TOKYO - The chief of the China-led Asian Infrastructure Investment Bank on Monday expressed his willingness to cooperate with Japanese lenders in the promotion of infrastructure projects in the region.
Japanese public institutions and private banks have a "very strong reputation and extensive experience" in financing projects in Asia, AIIB President Jin Liqun said in a news conference in Tokyo.
Jin stressed the need to boost joint financing, noting that multilateral development finance still makes up "a little amount compared to the vast needs of resources for infrastructure" in the Asia-Pacific region.
The AIIB president cited the Manila-based Asian Development Bank, the Japan International Cooperation Agency, the Japan Bank for International Cooperation and Japanese commercial banks as possible collaboration candidates.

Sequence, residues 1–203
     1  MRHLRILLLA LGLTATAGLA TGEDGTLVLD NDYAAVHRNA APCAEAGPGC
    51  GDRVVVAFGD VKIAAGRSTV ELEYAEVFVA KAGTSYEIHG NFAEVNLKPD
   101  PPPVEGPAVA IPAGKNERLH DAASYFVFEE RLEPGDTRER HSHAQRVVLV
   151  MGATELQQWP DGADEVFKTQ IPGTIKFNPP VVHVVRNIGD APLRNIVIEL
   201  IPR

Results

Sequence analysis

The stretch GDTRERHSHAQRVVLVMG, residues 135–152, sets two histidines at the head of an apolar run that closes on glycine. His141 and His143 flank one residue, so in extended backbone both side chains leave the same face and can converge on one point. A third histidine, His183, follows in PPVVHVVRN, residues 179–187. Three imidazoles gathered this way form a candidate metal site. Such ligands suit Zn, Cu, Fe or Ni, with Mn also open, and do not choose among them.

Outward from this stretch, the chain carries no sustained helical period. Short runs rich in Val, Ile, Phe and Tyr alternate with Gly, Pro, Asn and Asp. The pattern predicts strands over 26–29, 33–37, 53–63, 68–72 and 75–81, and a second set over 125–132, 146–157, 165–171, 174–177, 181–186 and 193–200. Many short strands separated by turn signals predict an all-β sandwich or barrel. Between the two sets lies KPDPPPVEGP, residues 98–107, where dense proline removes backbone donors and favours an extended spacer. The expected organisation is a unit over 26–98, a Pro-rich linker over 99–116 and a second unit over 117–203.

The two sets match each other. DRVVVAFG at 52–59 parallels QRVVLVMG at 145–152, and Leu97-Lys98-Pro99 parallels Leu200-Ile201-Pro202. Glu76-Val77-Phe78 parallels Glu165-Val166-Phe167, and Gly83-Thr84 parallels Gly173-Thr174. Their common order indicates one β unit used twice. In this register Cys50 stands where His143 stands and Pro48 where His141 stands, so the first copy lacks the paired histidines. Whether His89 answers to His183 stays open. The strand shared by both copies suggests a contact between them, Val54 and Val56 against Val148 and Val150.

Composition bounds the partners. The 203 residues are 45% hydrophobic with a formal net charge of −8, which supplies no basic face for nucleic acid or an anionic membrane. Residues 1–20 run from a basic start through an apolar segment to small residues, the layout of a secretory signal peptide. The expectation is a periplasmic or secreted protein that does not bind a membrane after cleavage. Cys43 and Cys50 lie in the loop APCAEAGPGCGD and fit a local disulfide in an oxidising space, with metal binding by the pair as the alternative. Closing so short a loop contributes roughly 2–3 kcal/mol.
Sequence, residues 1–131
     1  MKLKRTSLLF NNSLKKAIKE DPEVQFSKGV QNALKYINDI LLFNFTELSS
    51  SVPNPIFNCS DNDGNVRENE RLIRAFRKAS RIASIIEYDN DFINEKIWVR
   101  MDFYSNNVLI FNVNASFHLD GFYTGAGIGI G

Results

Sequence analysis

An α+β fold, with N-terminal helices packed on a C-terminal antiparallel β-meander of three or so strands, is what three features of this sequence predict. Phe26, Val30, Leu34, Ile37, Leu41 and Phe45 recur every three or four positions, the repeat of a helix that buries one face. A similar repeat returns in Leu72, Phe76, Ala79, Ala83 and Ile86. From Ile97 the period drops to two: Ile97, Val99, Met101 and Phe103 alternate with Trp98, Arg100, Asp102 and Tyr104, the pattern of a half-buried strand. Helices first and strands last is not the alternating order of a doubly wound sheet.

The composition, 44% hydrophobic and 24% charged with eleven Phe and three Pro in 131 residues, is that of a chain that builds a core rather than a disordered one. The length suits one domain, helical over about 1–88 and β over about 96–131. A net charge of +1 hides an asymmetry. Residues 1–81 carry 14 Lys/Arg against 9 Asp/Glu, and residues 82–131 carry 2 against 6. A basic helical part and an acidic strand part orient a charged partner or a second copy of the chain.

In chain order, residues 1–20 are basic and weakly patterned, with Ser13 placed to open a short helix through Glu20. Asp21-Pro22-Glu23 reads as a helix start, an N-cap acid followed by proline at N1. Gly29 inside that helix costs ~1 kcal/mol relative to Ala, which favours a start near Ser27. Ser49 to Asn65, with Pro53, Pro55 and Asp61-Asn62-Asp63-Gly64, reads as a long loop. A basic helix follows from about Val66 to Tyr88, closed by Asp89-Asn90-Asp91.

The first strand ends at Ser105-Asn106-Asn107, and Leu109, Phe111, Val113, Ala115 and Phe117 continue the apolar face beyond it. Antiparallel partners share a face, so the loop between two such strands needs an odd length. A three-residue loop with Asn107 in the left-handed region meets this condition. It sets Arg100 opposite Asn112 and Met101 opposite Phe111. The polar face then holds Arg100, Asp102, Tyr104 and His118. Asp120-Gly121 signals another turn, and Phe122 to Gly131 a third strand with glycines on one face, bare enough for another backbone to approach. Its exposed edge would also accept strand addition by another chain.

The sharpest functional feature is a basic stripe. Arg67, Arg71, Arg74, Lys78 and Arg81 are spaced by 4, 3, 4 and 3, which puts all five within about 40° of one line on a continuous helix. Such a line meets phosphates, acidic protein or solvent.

Proposed by China in 2013, the bank began operating in December 2015. Japan and the United States are the only Group of Seven industrial powers that have not joined the bank.
China has sought to boost infrastructure networks in Asia, the Middle East, Europe and Africa to realize its goal of connecting nations more closely along the ancient Silk Road under its "Belt and Road" initiative pushed by President Xi Jinping.
But the Asian power has been criticized for the so-called debt trap in which countries receiving massive loans from Beijing are caught, forcing them to give up control of key infrastructure after their debts become unpayable.
Asked about the matter, Jin stressed the importance of making loans sustainable.